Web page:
Read Along – ‘The Effortless Experience’- Chapter 8

“Effort Beyond the Contact Center”

Non-contact center applications of the Low Effort concept-

Customer Effort in Retail

Most critical factors when it comes to customer effort in retail environment are

“Navigability” – How easy it is for customers to find what they are looking for

“Issue Resolution” – How easy it is for customers to get help solving some problem.

Customer Effort in Product Design

Simplicity of design and ease of use really make certain products stand out in a crowd.

  • Apple’s ease of use is legendary.
  • Bose is another consumer electronics company that just ‘gets’ the idea of low effort. They put simple color-coded tags on wires that match the color of the jacks they plug into. Easy stuff!
  • TurboTax uses intuitive, plain-English, question based approach to helping taxpayers do their taxes.

Customer Effort in Purchase Experience

Decision Simplicity – Simplifying a consumer’s purchase decision

comes down to 3 things-

  • Making it easy for consumers to navigate information about the brand
  • Providing information that is noteworthy
  • Making it simple for consumers to weight their options

Effort should be reduced throughout the customer life-cycle.

Reducing effort in pre- and post-sales customer touch-points has measurable loyalty impact.

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The Best companies Live low-effort.

Top brands are adopting the principle of a low-effort experience across multiple facets of their business, from product design to the sales experience.

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Read Along – ‘The Effortless Experience’- Chapter 7

“Making Low Effort Stick”

Reducing customer effort represents a cultural shift in how your team engages with customers and how you’ll prioritise the projects you undertake. But while it’s easy to say, any shift of this nature is difficult to accomplish, mainly because change in a large organisation can be an arduous undertaking.

Taking First Steps

Have a compelling ‘change story’ to communicate Why the change is needed, and make the business case of change. It then becomes the backbone of all communication, training, coaching and general reinforcement.

The most Important Change Agents

Focusing efforts on Coaching instead of Training.

Coaching is —

  • Focusing on improving future performance
  • Ongoing
  • Equally driven by coach and coachee
  • Tailored to individual’s development needs

Two types of Coaching tends to occur-

a) Scheduled coaching – sit-down discussions with supervisor to review calls, discuss performance and take corrective action. This might be more punitive than developmental. Over-emphasizing on this type of coaching leads to lower-performing teams.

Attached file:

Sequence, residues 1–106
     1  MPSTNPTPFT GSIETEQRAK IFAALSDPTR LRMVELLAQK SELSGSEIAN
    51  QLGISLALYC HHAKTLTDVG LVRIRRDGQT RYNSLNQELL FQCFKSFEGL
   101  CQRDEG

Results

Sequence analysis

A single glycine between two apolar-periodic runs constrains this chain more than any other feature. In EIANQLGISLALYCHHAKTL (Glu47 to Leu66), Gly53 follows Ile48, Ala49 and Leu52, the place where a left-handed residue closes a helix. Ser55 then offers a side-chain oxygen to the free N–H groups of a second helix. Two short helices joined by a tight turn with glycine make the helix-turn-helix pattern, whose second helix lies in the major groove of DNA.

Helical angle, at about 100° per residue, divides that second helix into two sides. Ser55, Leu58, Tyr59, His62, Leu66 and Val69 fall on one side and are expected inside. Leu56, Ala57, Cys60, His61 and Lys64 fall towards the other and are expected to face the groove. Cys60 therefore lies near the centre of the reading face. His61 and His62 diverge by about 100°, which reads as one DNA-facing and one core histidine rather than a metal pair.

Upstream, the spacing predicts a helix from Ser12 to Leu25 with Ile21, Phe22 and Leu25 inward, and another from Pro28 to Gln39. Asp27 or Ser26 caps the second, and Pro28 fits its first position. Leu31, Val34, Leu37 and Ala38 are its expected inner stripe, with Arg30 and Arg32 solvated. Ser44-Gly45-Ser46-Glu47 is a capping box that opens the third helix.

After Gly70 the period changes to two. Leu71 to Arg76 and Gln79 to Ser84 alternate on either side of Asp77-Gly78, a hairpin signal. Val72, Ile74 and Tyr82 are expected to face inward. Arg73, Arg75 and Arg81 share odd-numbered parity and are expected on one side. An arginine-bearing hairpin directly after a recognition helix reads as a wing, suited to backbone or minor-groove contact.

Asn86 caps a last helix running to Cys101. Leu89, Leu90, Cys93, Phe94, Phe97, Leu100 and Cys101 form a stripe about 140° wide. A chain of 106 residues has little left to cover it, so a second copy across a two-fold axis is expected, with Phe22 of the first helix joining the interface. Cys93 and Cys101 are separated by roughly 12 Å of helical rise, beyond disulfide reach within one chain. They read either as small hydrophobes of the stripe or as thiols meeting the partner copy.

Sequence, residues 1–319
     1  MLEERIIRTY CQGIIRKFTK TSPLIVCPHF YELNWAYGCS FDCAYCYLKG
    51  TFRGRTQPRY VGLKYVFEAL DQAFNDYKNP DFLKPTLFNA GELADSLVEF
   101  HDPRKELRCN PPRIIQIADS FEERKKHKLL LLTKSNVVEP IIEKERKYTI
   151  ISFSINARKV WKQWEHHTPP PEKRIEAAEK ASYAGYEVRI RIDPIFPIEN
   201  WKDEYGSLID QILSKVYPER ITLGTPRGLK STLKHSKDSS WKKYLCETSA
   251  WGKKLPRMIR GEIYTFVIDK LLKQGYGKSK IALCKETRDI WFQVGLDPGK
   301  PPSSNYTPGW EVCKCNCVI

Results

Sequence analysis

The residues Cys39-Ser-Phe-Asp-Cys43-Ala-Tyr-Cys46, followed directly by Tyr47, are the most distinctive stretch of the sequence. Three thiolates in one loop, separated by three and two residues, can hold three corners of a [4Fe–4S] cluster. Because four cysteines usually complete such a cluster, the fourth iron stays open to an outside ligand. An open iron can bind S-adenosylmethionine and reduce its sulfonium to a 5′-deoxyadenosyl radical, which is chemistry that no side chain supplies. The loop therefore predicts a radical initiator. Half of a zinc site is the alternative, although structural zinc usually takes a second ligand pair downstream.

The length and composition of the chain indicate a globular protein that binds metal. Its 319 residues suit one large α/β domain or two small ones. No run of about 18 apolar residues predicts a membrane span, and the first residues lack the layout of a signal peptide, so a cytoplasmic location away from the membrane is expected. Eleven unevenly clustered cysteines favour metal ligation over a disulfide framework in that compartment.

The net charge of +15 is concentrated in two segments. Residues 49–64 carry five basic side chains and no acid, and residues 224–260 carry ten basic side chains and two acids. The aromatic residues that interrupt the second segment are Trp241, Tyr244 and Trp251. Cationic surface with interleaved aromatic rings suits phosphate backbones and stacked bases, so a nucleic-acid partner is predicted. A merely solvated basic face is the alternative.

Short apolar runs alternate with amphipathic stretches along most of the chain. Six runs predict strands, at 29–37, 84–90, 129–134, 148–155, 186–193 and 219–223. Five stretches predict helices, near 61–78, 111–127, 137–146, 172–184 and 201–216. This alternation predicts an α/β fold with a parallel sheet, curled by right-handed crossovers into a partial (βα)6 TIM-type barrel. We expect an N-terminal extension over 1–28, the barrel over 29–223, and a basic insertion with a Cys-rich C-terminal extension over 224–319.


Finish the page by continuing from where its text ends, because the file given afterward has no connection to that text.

b) Integrated Coaching – On-the-job coaching, in close proximity to specific customer situations that the coaching is designed to improve. Supervisors who over-emphasize this type of coaching realise a lift of more than 12% in their team’s performance.

The best supervisors focus roughly 75% of their coaching on integrated coaching.

Make It Real

Use creative approaches to help teams quickly understand what qualifies as more or less effort for the customer.

>Sharing of personal customer experiences – Have teams share bad customer service experiences from their personal lives.

>Group quality assurance sessions– Prescreen old customer calls and discuss high effort instances to build awareness and socialise the idea of customer effort reduction.

>Customer Effort Diaries – Get together and share their specific stories – capture specific instances when each person felt they did a great job of reducing effort.

Key Lessons from Early Adopters

Don’t make Effort Reduction another ‘Ask’

Reducing the no. of things frontline staff are being asked to focus on means that they can make effort reduction more of a priority, not just another ask.

The commitment to reducing effort, and the permanence of that approach, needs to become a shift in expectations, not just a new expectation added to the top of the pile.

“In order to get new behaviours to take hold, old behaviours have to be retired”

Baby Steps

  • Start with a small number of ways to reduce effort to make the shift more tangible to your teams.
  • This way, people know precisely what to do, and they develop a more refined sense for how effort reduction works.
  • Supervisors also have a finite set of behaviours to coach for.

Narrowly scope initial pilot expectations for your teams. This may include forward-resolving a specific type of service issue, or using positive language techniques for some common issues.

Lay the Cultural Foundation

Effort reduction is not a quick-hit project. It is service philosophy.

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Reducing effort is an ongoing challenge you will need to continuously support.

You need lots of top-down communication, good manager and supervisor support, and the right metrics.

Your priorities should be a great change story, significant coaching discipline, and clearly signalling the expectation that a low-effort experience should be the goal with every customer.

Making it easy for your teams to take the first steps towards reducing effort will ensure your likelihood of success!

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Read Along – ‘The Effortless Experience’- Chapter 6

The Disloyalty Detector – Customer Effort Score v2.0

Measuring customer effort shines a spotlight on the service experience and can bring new levels of claity to what we can do to improve it.

Customer Satisfaction (CSAT)

CSAT is a poor predictor of a customer’s intent to repurchase and to increase spend.

Net Promoter Score (NPS)

NPS is a ‘big question’ that captures a customer’s holistic impression of their relationship with a company. The problem is it isn’t the best metric for understanding customer service performance at a transactional level.

Customer Effort Score (CES)